Students and the public often perceive academics as teachers, and have no idea of the many other important roles that one undertakes. This paper reflects on the daily life of an academic accounting.
Written by Dr. Rhoda Brown and Trustees of the British Accounting and Finance Association (Chris Brooks, John Cullen, Lisa Jack, Richard Jackson and Kevin McMeeking)
Most accounting academics have an anecdote concerning questions from well-meaning relatives or friends about what it is, exactly, that they do. Variants on this story involve the expression of disbelief that anyone could study for a PhD or undertake any sort of meaningful research in accounting, because accounting is all about balance sheets. In some limited respects, there is a degree of truth in the idea that accounting is primarily about the numbers but in other, far more important respects, the numbers are the least of it. The view of accounting on the one hand as a dry, technical, quantitative discipline somehow exists in the popular imagination alongside, on the other hand, perceptions of involvement in creative accounting, tax avoidance, banking crises, and corporate and public sector financial scandals – with no recognition contradictions inherent in these very different perspectives.
To those with more expertise in the area, the technical skills of accounting are little more than a barrier to entry: the real substance of the discipline is about the allocation of resources, the measurement of performance, accountability, financial politics and the ways in which accounting can (dis)incentivise hard work and/or cause people and organisations to behave in accordance with, or contrary to, societal norms. Given the extent to which individuals are invested in capital markets, via their pension schemes, accounting plays a more important role in life than many people realise, in providing information to keep markets efficient, to keep companies honest and to enable investors to assess levels of risk. Recently, the scope of accounting has expanded to include softer, more qualitative aspects of performance such as corporate social responsibility accounting, narrative reporting and growing recognition of the value of intangibles.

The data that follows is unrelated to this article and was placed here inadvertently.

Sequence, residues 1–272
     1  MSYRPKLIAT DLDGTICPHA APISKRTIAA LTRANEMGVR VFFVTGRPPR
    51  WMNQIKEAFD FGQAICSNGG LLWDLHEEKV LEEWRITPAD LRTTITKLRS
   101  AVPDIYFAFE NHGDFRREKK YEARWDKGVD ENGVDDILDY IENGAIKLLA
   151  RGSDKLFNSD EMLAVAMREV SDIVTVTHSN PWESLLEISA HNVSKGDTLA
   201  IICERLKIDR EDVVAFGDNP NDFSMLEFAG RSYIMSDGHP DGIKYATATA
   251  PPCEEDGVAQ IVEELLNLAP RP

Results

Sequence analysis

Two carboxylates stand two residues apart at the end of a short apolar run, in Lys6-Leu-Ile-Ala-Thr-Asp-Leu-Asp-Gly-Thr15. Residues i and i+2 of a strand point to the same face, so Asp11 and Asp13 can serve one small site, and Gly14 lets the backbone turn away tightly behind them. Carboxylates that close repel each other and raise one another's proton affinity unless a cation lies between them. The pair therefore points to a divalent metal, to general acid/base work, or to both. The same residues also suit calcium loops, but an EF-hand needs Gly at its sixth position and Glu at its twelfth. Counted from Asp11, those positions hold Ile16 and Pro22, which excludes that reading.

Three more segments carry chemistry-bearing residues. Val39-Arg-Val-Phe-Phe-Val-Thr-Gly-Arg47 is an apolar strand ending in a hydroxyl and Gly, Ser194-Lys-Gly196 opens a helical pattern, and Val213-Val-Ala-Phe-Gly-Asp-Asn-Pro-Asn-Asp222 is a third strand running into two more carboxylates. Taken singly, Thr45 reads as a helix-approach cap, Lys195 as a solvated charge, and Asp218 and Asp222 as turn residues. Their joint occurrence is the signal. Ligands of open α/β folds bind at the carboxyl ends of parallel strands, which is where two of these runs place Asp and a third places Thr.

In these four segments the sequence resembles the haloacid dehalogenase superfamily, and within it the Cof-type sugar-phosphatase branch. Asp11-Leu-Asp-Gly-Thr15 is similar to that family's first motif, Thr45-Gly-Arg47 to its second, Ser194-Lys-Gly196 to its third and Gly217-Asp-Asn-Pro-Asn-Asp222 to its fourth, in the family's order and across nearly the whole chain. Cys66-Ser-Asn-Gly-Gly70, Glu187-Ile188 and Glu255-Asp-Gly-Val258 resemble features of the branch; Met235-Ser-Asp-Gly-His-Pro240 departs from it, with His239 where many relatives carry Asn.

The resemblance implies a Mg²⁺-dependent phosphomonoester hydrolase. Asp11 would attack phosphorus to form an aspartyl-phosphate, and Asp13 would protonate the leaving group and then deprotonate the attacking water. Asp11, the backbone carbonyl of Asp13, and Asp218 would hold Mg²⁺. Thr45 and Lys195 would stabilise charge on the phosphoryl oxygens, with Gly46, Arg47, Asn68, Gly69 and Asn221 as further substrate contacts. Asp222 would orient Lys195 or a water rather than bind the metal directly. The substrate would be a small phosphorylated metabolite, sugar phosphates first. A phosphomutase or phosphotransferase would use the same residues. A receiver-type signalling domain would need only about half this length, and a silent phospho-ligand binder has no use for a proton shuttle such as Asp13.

One of the consequences of the funding pressure in universities in recent years has been the requirement for academics, particularly those in less traditional disciplines, to justify their reason for being and, in the case of accounting, this includes explaining not only what accounting academics do but also what we offer that is not provided by professional accountancy training. A question we are asked increasingly is why should an eighteen-year-old school leaver spend three or four years studying for an under-graduate degree in accounting, accumulating student debt, when they could enrol in one of the professional training programmes offered by accounting firms, start earning immediately and obtain their professional qualification sooner? The answer is that a good university degree adds something rather different to the student’s skillset than a professional qualification.